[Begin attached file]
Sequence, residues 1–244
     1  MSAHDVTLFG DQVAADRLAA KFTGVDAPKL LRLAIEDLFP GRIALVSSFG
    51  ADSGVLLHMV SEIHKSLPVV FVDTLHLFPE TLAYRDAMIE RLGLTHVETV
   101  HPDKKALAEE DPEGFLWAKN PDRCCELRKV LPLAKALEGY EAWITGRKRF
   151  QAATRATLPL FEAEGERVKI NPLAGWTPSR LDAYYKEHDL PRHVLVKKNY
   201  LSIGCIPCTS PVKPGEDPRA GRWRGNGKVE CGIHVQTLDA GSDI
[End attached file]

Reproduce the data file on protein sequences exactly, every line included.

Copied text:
Sequence, residues 1–244
     1  MSAHDVTLFG DQVAADRLAA KFTGVDAPKL LRLAIEDLFP GRIALVSSFG
    51  ADSGVLLHMV SEIHKSLPVV FVDTLHLFPE TLAYRDAMIE RLGLTHVETV
   101  HPDKKALAEE DPEGFLWAKN PDRCCELRKV LPLAKALEGY EAWITGRKRF
   151  QAATRATLPL FEAEGERVKI NPLAGWTPSR LDAYYKEHDL PRHVLVKKNY
   201  LSIGCIPCTS PVKPGEDPRA GRWRGNGKVE CGIHVQTLDA GSDI